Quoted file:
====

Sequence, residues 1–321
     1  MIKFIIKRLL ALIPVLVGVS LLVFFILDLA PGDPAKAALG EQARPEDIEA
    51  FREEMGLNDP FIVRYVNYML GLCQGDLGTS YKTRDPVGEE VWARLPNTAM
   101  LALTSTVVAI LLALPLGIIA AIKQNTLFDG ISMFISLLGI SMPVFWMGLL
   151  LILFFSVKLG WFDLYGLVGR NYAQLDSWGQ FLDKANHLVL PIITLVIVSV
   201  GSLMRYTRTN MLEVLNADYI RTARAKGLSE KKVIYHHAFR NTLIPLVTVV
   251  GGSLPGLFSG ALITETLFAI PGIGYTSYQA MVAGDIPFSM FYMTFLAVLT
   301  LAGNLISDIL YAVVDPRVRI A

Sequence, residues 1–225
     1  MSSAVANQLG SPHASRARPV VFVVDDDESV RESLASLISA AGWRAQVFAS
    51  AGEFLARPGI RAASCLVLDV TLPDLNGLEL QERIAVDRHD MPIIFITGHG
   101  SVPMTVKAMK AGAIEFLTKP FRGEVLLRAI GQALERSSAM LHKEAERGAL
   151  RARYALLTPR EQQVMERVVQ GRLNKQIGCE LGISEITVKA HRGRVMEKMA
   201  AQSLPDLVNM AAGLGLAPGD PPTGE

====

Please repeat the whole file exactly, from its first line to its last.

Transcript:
Sequence, residues 1–321
     1  MIKFIIKRLL ALIPVLVGVS LLVFFILDLA PGDPAKAALG EQARPEDIEA
    51  FREEMGLNDP FIVRYVNYML GLCQGDLGTS YKTRDPVGEE VWARLPNTAM
   101  LALTSTVVAI LLALPLGIIA AIKQNTLFDG ISMFISLLGI SMPVFWMGLL
   151  LILFFSVKLG WFDLYGLVGR NYAQLDSWGQ FLDKANHLVL PIITLVIVSV
   201  GSLMRYTRTN MLEVLNADYI RTARAKGLSE KKVIYHHAFR NTLIPLVTVV
   251  GGSLPGLFSG ALITETLFAI PGIGYTSYQA MVAGDIPFSM FYMTFLAVLT
   301  LAGNLISDIL YAVVDPRVRI A

Sequence, residues 1–225
     1  MSSAVANQLG SPHASRARPV VFVVDDDESV RESLASLISA AGWRAQVFAS
    51  AGEFLARPGI RAASCLVLDV TLPDLNGLEL QERIAVDRHD MPIIFITGHG
   101  SVPMTVKAMK AGAIEFLTKP FRGEVLLRAI GQALERSSAM LHKEAERGAL
   151  RARYALLTPR EQQVMERVVQ GRLNKQIGCE LGISEITVKA HRGRVMEKMA
   201  AQSLPDLVNM AAGLGLAPGD PPTGE